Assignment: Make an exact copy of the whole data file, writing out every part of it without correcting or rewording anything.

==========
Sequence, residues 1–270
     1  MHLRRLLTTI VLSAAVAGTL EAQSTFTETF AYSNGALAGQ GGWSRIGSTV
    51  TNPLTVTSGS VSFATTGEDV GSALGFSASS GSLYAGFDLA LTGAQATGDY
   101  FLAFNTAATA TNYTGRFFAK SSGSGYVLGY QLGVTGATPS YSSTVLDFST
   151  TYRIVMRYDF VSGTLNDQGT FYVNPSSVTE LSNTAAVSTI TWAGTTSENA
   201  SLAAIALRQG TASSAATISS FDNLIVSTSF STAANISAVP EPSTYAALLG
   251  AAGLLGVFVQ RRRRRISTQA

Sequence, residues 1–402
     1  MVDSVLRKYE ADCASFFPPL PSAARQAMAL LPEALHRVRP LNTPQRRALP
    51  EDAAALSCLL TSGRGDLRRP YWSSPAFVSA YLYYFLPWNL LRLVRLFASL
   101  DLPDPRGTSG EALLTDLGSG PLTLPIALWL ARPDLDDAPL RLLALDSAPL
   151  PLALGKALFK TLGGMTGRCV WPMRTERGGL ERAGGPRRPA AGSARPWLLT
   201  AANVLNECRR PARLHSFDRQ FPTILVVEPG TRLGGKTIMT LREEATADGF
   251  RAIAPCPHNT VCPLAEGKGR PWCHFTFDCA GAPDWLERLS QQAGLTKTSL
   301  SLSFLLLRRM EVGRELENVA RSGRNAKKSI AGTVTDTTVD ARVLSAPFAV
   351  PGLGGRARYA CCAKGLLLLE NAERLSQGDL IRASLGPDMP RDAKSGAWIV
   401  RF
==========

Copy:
Sequence, residues 1–270
     1  MHLRRLLTTI VLSAAVAGTL EAQSTFTETF AYSNGALAGQ GGWSRIGSTV
    51  TNPLTVTSGS VSFATTGEDV GSALGFSASS GSLYAGFDLA LTGAQATGDY
   101  FLAFNTAATA TNYTGRFFAK SSGSGYVLGY QLGVTGATPS YSSTVLDFST
   151  TYRIVMRYDF VSGTLNDQGT FYVNPSSVTE LSNTAAVSTI TWAGTTSENA
   201  SLAAIALRQG TASSAATISS FDNLIVSTSF STAANISAVP EPSTYAALLG
   251  AAGLLGVFVQ RRRRRISTQA

Sequence, residues 1–402
     1  MVDSVLRKYE ADCASFFPPL PSAARQAMAL LPEALHRVRP LNTPQRRALP
    51  EDAAALSCLL TSGRGDLRRP YWSSPAFVSA YLYYFLPWNL LRLVRLFASL
   101  DLPDPRGTSG EALLTDLGSG PLTLPIALWL ARPDLDDAPL RLLALDSAPL
   151  PLALGKALFK TLGGMTGRCV WPMRTERGGL ERAGGPRRPA AGSARPWLLT
   201  AANVLNECRR PARLHSFDRQ FPTILVVEPG TRLGGKTIMT LREEATADGF
   251  RAIAPCPHNT VCPLAEGKGR PWCHFTFDCA GAPDWLERLS QQAGLTKTSL
   301  SLSFLLLRRM EVGRELENVA RSGRNAKKSI AGTVTDTTVD ARVLSAPFAV
   351  PGLGGRARYA CCAKGLLLLE NAERLSQGDL IRASLGPDMP RDAKSGAWIV
   401  RF